Flash back to the 2008 flood that caused so much damage to the University of Iowa, here we are almost 11 years later and it looks like global warming is forcing us to get prepared for whatever may come our way.

Back in 1905, the university had been warned by landscape architects, not to build so close to the water, as it could cause problems, but the university was struggling to find land. Due to the flooding, over 20 building were affected on the university of Iowa campus. The flood made costly calls for change, causing the university to spend millions for the damages.

The flood of 2008 may not be the worst we have seen just yet, around the United States, floods, wild fires, hurricanes and other natural disasters have gradually become worse and caused mass devastation in different areas.

University of Iowa’s Don Guckert has been keeping the university safe and travelling the country to inform or educate other institutions about the disasters that occurred at the University of Iowa and how to be prepare for a natural disaster. He has gotten busier over the last five years as global warming has become a bigger issue as time passes.

We all know that its not easy to avoid but preparing for it can help save countless lives and heavy costs. University of Iowa is still rebuilding from the flooding that occurred.

Flooding bring disease filled mosquitoes to Western Iowa


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Mosquitoes that can bring disease.  (pexels).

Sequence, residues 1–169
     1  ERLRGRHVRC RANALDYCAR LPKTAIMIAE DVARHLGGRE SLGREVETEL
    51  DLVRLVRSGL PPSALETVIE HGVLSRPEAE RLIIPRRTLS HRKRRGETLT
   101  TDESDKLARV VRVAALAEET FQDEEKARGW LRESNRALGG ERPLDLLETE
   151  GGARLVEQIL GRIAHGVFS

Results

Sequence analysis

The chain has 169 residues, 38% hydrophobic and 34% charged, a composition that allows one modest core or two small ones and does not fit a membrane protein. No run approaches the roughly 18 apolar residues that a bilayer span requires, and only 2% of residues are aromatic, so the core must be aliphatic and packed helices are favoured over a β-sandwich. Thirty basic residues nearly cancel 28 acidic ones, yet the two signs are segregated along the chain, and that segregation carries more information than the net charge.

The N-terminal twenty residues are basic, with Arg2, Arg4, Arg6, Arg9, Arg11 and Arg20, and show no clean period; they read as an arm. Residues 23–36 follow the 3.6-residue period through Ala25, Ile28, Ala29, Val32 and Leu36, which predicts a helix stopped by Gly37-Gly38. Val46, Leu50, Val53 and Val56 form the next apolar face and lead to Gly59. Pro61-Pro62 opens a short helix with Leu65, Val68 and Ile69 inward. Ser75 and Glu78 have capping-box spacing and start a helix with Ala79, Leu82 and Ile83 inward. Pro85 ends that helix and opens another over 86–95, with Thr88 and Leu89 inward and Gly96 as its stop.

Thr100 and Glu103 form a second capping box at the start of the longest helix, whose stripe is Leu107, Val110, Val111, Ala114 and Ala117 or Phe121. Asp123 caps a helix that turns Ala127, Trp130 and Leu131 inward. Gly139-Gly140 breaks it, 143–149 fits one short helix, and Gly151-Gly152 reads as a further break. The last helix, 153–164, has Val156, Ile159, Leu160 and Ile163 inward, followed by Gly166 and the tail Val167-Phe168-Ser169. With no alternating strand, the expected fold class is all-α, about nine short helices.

Ayotoluwafunmi Ogunwusi | May 9th, 2019

Western Iowa has been suffering from flooding since march and some unwanted guests have flown in. Mosquitoes are very common insects the fly around during the summer period and according to new research from Iowa State University, western Iowa has the largest presence of mosquitoes carrying the west Nile virus.

The West Nile Virus can be transmitted by the Culex tarsalis, a type of mosquito. These mosquitoes usually gather and breed in pools of water and the flooding may have helped them gather is large amounts.

Iowa state professor and entomologist Ryan Smith believes that the virus is concerning as it is the leading cause of mosquito-born diseases in the United States.

The virus could affect one in five people bitten by the mosquito, and could lead people to develop fevers or potentially fatal diseases. The number of human cases in Iowa fluctuate every year, and scientists are still trying to find out the factors that influence yearly transmission rates.

There are many ways to prevent the disease, such as, by spraying insect repellent or wearing long sleeve shirts. This is the time of the year when the mosquitoes rise in number, early summer to early fall. The importance of our health and safety is number one.